Eighth Commandment: Thou shalt not live by a personal code of conduct
Coleman said: I would think it would be refreshing that somebody would stand up and say look this is what I believe in but it's not going to affect how I'm going to do my job.

The Church says:

A Catholic strives to "have the mind of Christ" in every judgment and act. “There cannot be two parallel lives in their existence: on the one hand, the so-called ‘spiritual life’, with its values and demands; and on the other, the so-called ‘secular’ life, that is, life in a family, at work, in social responsibilities, in the responsibilities of public life and in culture.” Pope St. John Paul II, Christifideles Laici (59)

If I said that I believe harassment in the workplace is totally unacceptable but that this view is not going to affect how I do my job, would you really want me as an employee, let alone a manager or leader in an organization?

Ninth Commandment: Thou shalt manage and mould the hard truths to thine own political benefit
Coleman said: This is as far away from a protest as anything I can imagine. You know probably it’s more like a parade of people who have, you know, similar views. And who are walking to sort of indicate that there may be an alternative.

The Church says: The March For Life is based on the teaching that abortion or euthanasia is a grave sin. The Encyclical Letter Evangelium Vitae, with reference to judicial decisions or civil laws that authorize or promote abortion or euthanasia, states that there is a "grave and clear obligation to oppose them by conscientious objection. [...] In the case of an intrinsically unjust law, such as a law permitting abortion or euthanasia, it is therefore never licit to obey it, or to 'take part in a propaganda campaign in favour of such a law or vote for it'" (no. 73).

Coleman is suggesting the March for Life is more like a parade that people attend to celebrate life and who simply want to share the opinion that it might be better not to deliberately kill tiny babies. However—to follow through on Coleman’s reasoning—no problem if that’s what you really feel you must do, we’re only making a suggestion. What a pathetic betrayal of the pro-life position!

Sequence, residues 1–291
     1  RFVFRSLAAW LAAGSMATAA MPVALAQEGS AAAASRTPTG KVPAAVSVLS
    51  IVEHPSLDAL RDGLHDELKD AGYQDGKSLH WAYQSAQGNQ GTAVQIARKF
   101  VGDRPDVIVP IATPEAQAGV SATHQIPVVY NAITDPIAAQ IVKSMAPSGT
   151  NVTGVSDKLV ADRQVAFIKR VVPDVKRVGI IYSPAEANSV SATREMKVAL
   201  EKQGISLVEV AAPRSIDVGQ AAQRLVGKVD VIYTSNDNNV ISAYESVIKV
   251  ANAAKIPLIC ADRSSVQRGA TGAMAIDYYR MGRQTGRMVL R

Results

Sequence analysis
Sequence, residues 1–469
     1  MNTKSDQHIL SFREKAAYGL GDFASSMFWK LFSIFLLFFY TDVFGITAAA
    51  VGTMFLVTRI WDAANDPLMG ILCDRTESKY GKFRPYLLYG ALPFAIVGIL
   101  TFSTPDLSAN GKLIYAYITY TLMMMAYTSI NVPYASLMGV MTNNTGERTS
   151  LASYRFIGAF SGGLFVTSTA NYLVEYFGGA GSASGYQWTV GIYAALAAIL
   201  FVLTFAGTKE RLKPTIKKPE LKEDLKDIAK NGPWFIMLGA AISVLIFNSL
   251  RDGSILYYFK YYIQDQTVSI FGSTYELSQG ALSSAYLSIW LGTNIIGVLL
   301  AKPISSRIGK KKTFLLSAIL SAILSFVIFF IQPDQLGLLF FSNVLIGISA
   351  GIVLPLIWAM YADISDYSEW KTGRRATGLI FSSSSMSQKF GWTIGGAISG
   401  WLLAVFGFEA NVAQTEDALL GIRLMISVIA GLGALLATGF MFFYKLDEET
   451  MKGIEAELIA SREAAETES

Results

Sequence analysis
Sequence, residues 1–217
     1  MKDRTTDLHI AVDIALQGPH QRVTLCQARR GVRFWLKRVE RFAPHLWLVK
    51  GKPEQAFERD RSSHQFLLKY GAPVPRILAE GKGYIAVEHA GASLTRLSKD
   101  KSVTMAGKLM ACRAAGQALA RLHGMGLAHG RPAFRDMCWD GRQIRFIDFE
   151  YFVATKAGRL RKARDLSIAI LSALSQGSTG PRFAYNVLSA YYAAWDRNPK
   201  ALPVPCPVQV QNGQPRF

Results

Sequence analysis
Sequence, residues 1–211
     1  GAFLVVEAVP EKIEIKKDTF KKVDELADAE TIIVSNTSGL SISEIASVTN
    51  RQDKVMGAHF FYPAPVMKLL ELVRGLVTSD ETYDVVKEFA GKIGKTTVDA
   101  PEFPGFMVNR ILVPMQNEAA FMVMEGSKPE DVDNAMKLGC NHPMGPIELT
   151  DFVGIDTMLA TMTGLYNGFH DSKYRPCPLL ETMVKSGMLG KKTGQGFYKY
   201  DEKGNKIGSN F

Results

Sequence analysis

Tenth Commandment: Seek ye first to command the troops and run a tight ship
Coleman said: I'm here to, what I believe is, run the province.

The Church says:

No Catholic, least of all a politician, can “think of delegating his Christian responsibility to others; rather, the Gospel of Jesus Christ gives him this task, so that the truth about man and the world might be proclaimed and put into action.” The Participation of Catholics in Political Life, (4b)

 “The democratic structures on which the modern state is based would be quite fragile were its foundation not the centrality of the human person. It is respect for the person that makes democratic participation possible. As the Second Vatican Council teaches, the protection of ‘the rights of the person is, indeed, a necessary condition for citizens, individually and collectively, to play an active part in public life and administration’.” The Participation of Catholics in Political Life, (3c)

Frank Coleman, as a Catholic, should be thinking primarily of the salvation of souls in his new position. This would necessitate widespread and ongoing efforts to achieve the common good, thereby truly improving people’s lives, not just keeping a machine running smoothly—as you would simply administer a business. Coleman has a higher calling as a civil servant. As a servant of God, he is now a servant of the people in a much more profound role. He now has a much greater responsibility before God and a correspondingly greater accountability. However, his comments do not reflect such a reality. He seems to be saying what he thinks the chattering masses wants to hear.

Rather than “run the province”, how much better if Coleman had said his job was to restore trust in the political machinery of the province, with an emphasis on character, integrity, and principles? He maintains that everybody matters so why not use that as a launching pad to emphasize the vital necessity of advancing the common good? At least he would have pointed people in the right direction in their expectations. His extensive background in the business world could no doubt play a crucial role in his future success as Premier, but it certainly shouldn’t be the chief selling point. Even renegade Catholic Pierre Elliot Trudeau had pitched his “just society” to appeal to more than simple economics.

Frank Coleman recently said: